The Council of Canadians Fredericton chapter wants the New Brunswick government to follow Quebec’s lead and do its “homework” on the 1.1 million barrel per day Energy East pipeline proposal.
The Globe and Mail reports, “Quebec is asking the court to force TransCanada Corp. to comply with provincial law and submit the Energy East project for a provincial environmental assessment. Provincial Environment Minister David Heurtel said the government is not signalling its intention to block the pipeline, but merely insisting that TransCanada follow provincial law. …Failure to do so could leave the company and the province subject to legal challenges down the road, he said, noting a court decision in British Columbia that will require that province to do its own environmental review of the Northern Gateway pipeline.”
The Canadian Press explains, “In January, the B.C. Supreme Court nullified an agreement that gave the NEB the power to review the Northern Gateway proposal, which aims to connect Alberta crude to Kitimat, B.C. That means B.C. must make its own decision after consulting with and accommodating indigenous communities along the route.” In April 2012, the Harper government announced its “one project, one review” policy. Then-natural resources minister John Oliver claimed it would be “counter-productive” to have federal and provincial governments undertake reviews of the same project.
Global News adds, “[TransCanada] does not plan to grant Quebec’s request anytime soon.”
Global also reports, “The New Brunswick government re-affirmed its support for the Energy East pipeline on Tuesday [March 1] after the Quebec government announced its intention to seek an injunction against the project. Brian Gallant’s Liberals have maintained that the project would be a great provider for New Brunswick.” That article quotes Council of Canadians Fredericton chapter activist Maggie Connell who says, “I’m scared of it for me and for my kids who are now having kids, and we don’t even know what this is. We haven’t done our homework on this at all.”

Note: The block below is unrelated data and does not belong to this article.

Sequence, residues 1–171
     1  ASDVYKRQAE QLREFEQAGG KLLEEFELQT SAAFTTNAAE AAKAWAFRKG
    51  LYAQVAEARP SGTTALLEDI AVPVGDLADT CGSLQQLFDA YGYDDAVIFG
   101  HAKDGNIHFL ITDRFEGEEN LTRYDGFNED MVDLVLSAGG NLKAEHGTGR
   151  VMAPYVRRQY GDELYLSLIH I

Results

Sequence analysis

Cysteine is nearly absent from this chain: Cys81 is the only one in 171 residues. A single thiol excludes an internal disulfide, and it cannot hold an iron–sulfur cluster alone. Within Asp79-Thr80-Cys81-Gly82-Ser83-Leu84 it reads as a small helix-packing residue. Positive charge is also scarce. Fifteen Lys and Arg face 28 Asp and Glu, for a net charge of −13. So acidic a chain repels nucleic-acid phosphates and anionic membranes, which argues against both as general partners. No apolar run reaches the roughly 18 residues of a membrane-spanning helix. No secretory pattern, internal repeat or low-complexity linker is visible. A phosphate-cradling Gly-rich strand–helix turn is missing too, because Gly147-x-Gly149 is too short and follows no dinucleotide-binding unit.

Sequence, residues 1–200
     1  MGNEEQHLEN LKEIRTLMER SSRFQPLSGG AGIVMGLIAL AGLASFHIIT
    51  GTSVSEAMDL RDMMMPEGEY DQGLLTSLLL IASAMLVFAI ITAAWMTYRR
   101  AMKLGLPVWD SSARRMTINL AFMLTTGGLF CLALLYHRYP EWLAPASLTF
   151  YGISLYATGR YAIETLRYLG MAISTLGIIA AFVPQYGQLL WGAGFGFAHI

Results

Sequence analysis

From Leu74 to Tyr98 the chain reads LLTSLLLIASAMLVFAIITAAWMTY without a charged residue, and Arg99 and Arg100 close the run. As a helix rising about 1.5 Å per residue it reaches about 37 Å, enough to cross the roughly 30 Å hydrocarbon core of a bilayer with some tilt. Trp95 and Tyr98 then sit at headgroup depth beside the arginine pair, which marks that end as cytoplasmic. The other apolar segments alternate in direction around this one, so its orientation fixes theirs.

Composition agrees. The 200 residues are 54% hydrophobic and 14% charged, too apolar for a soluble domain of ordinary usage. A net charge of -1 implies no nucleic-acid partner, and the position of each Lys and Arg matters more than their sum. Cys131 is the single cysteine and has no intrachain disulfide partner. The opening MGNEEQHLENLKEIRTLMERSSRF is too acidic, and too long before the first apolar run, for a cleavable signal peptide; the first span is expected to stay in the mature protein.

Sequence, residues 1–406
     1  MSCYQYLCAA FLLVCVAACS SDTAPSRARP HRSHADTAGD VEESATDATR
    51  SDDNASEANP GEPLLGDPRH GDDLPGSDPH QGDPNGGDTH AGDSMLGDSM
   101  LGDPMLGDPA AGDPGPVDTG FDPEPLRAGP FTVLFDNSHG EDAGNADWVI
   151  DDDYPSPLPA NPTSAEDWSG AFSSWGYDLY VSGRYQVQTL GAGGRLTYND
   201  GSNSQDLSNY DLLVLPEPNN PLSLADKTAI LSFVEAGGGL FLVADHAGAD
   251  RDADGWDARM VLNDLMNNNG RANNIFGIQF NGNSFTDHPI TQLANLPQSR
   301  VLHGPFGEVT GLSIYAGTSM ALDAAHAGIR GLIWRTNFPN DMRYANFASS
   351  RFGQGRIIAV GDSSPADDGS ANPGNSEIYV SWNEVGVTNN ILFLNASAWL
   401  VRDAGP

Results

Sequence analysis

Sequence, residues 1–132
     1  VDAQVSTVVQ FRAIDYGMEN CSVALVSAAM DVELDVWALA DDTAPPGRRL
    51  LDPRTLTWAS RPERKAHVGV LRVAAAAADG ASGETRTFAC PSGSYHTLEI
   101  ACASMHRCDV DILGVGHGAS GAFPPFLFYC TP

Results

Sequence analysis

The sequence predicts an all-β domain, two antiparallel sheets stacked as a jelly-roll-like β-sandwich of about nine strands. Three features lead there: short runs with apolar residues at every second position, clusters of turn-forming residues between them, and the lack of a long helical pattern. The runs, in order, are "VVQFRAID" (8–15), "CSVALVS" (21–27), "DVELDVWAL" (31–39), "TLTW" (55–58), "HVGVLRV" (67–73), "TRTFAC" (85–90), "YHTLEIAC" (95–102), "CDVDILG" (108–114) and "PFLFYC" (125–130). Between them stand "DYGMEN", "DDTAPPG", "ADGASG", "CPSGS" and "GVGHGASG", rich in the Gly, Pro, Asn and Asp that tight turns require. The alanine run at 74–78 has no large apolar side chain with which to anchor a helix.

But CBC notes, “Environment Minister Brian Kenny says the Gallant government still believes the project does not have to go through a full provincial environmental impact assessment because the pipeline will cross several provinces.” That news report adds, “Green party leader David Coon, an opponent of Energy East, complained last year that TransCanada should be filing paperwork for a full provincial review in New Brunswick.” In June 2015, Coon highlighted, “The New Brunswick portion of this pipeline is 412 km in length. It will cross 280 watercourses and hundreds of private properties in our province, terminating in a tank farm adjacent to the community of Red Head which will emit hazardous air pollutants into the local airshed.”
Fredericton-based Council of Canadians campaigner Mark D’Arcy is strengthening opposition to the pipeline in the province by working with the Peace and Friendship Alliance (on Feb. 8, the Wolastoq Grand Council issued a statement rejecting Energy East in order to protect their non-ceded homeland and waterways), the community of Red Head (on May 30, 2015, 700 people marched in that community to oppose Energy East), and with landowners (D’Arcy has met with more than 40 landowners along the pipeline route and is sharing our When TransCanada Comes Knocking: Living along the proposed Energy East pipeline path toolkit with them).
For more on our campaign to stop Energy East in New Brunswick, please go to http://www.noenergyeastnb.ca.